How would you orient a map of a ship?

As is tradition, all ships in my current work are always travelling east, which means that you can use north/east/south/west or port/fore/starboard/aft interchangeably without any ambiguity about the letter S.

The question is, how should I orient a map and/or in-game compass rose? North at the top (fore is to the right), or fore at the top (north is to the left)? Which would you find more intuitive?

(Both sets of directions are explicitly recognized by the parser.)


I would expect port as north.


Fore to the right. Plenty of mechanical diagrams do this as well. Also, it will be easier for those of us who struggle with compass directions already.


This is interesting. I’ve always thought of fore to the north, and that’s how PunyInform’s nautical directions work, but I can see merit in fore being to the right or east, as that’s how ship plans are normally drawn.


I’ll be honest, I didn’t know that’s how ship plans are drawn; my reason for making fore be east is to ensure that the command S isn’t confusing or ambiguous (since starboard and south are one and the same)!

I believe it’s for this reason that the Titanic in Jigsaw is travelling due east, on a rather strange deviation from its historical route.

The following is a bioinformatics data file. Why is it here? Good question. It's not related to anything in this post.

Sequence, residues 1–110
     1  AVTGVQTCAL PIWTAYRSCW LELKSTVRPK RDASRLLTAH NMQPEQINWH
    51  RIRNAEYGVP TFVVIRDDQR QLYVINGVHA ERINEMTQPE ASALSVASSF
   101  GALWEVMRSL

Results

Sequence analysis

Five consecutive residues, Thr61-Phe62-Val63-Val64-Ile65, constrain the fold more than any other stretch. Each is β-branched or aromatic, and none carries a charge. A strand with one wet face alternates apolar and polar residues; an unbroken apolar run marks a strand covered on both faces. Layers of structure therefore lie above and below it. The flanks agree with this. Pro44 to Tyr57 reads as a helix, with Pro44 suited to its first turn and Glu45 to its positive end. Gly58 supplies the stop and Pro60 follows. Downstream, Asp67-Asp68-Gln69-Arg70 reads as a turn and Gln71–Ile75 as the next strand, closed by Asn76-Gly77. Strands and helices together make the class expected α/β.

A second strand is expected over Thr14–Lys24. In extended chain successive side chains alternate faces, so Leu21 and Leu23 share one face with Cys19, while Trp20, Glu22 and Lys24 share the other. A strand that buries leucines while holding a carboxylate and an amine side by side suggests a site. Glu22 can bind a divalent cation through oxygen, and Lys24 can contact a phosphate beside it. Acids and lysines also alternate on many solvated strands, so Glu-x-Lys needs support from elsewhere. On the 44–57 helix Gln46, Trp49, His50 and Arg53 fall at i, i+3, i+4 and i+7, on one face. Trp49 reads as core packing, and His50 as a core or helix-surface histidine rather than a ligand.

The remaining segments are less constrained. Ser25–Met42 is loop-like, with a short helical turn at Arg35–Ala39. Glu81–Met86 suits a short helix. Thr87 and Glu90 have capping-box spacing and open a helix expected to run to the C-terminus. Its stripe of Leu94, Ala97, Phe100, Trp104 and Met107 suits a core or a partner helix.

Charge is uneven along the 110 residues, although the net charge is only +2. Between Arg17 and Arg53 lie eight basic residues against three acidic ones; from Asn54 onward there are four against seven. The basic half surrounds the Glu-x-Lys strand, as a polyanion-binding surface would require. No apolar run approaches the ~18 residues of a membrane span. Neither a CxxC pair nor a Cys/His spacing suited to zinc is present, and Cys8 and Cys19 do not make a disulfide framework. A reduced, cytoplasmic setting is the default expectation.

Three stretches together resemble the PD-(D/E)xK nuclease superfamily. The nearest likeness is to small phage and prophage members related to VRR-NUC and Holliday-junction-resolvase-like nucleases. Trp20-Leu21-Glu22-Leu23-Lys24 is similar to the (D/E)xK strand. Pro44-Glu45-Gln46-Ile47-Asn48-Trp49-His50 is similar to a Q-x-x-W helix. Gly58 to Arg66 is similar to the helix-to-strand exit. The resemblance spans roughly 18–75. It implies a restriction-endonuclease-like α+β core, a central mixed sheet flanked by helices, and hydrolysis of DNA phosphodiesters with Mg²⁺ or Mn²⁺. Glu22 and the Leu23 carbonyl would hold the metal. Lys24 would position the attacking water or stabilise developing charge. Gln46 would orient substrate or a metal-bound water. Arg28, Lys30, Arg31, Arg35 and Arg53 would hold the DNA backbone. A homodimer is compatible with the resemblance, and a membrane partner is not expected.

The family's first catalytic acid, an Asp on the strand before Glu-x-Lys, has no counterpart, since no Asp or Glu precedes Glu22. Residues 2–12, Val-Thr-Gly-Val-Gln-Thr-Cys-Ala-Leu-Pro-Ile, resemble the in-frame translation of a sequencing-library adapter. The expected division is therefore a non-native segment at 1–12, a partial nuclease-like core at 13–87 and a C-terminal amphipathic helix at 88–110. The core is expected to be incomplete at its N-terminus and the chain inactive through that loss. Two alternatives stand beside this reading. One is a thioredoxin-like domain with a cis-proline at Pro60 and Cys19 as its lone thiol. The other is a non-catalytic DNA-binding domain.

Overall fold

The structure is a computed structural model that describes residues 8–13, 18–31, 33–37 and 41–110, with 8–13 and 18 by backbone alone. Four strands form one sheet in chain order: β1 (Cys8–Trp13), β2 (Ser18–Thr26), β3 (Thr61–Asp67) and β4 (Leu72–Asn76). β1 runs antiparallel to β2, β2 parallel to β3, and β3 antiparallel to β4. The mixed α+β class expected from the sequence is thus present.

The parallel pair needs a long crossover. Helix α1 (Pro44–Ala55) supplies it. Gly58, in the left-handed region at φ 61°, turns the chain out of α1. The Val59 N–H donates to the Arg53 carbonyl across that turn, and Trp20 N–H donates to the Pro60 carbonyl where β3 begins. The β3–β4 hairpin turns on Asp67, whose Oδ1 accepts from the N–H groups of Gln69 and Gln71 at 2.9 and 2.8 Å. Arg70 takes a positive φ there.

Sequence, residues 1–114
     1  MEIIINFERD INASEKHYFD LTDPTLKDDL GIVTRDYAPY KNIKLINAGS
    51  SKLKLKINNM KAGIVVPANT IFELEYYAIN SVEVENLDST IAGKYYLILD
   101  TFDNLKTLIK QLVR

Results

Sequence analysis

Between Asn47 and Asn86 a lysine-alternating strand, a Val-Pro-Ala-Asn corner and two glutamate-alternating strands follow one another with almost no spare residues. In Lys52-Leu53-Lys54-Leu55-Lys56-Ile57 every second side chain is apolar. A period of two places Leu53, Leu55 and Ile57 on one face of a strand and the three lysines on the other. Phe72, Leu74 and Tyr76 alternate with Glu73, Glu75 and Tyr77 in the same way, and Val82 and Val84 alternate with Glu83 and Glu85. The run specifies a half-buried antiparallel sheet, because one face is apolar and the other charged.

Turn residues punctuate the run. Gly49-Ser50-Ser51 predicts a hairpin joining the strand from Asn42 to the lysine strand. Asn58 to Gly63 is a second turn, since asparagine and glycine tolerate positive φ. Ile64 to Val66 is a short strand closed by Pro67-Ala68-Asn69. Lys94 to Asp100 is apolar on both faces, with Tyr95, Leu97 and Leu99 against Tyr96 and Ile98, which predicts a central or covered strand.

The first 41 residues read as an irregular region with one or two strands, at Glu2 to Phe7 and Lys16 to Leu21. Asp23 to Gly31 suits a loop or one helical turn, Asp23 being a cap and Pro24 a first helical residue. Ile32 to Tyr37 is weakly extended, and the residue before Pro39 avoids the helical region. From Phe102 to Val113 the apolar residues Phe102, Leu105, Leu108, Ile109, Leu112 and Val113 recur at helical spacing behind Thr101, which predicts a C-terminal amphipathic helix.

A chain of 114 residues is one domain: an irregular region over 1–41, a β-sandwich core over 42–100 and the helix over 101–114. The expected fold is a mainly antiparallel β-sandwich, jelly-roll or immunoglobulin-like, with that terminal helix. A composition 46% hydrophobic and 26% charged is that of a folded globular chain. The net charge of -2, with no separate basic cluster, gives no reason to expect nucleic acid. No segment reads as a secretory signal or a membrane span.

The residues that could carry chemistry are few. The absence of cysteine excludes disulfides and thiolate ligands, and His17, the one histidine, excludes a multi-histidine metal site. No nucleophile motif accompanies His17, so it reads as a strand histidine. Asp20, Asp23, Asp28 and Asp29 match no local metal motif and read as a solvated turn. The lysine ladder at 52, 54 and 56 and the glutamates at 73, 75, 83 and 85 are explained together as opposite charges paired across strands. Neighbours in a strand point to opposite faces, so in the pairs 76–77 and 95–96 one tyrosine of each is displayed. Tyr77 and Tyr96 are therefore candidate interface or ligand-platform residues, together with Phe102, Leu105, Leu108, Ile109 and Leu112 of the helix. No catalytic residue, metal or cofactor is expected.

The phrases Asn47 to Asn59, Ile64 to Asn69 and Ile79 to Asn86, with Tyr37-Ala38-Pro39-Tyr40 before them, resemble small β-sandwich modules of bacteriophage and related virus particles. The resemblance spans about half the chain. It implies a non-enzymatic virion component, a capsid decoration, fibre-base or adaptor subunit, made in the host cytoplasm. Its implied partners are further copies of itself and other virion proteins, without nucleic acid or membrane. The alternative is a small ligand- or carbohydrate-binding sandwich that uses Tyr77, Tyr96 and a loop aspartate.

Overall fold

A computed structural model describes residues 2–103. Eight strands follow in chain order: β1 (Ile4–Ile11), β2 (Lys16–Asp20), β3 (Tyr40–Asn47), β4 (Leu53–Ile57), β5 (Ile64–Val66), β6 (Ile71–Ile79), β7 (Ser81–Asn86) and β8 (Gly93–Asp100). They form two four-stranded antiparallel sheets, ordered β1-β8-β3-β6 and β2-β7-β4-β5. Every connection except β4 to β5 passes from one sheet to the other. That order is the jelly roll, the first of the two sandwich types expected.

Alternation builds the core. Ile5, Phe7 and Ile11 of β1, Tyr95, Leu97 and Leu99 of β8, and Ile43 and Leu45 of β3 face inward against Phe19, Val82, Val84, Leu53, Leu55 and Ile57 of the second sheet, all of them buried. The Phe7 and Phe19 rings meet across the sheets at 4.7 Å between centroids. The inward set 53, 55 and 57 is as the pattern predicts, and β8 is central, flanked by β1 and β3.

But if I have another reason for it, I’m certainly not complaining!


I’m not a fan of the ship directions (fore, aft, starboard & port) and mostly consider them unnecessary and confusing. I don’t move around in daily life using compass directions but accept that in games it makes moving around easier. I’m happy to use compass directions on a ship as well. Using compass directions inside a house is just as strange as using them onboard a ship.


POSH - Port over, Starboard home. (From and Back to England from an american perspective. :wink: )


Technically, the compass rose is relative to the course, for hopefully obvious reasons; As Daniel noted, Jigsaw’s Titanic has his course “rounded” into a cardinal direction, that is, N, S, E, W, for mere player’s QoL. And I agree with Nelson (of Inform) on this rounding; if I ever code something aboard a ship historically navigating in an ordinal direction (ordinal = NE, NW, SE, SW) I’ll round the course to the nearest cardinal direction.

of course, having an eastward course (fore = W) allow S being synonym of both South and Starboard…

(the best mnemonic for Port and Starboard is visualising a ship north of UK and with an westward course, in which case the STARboard side is toward the Polar STAR and the PORT side is toward the british PORTs.)

Best regards from Italy,
dott. Piergiorgio.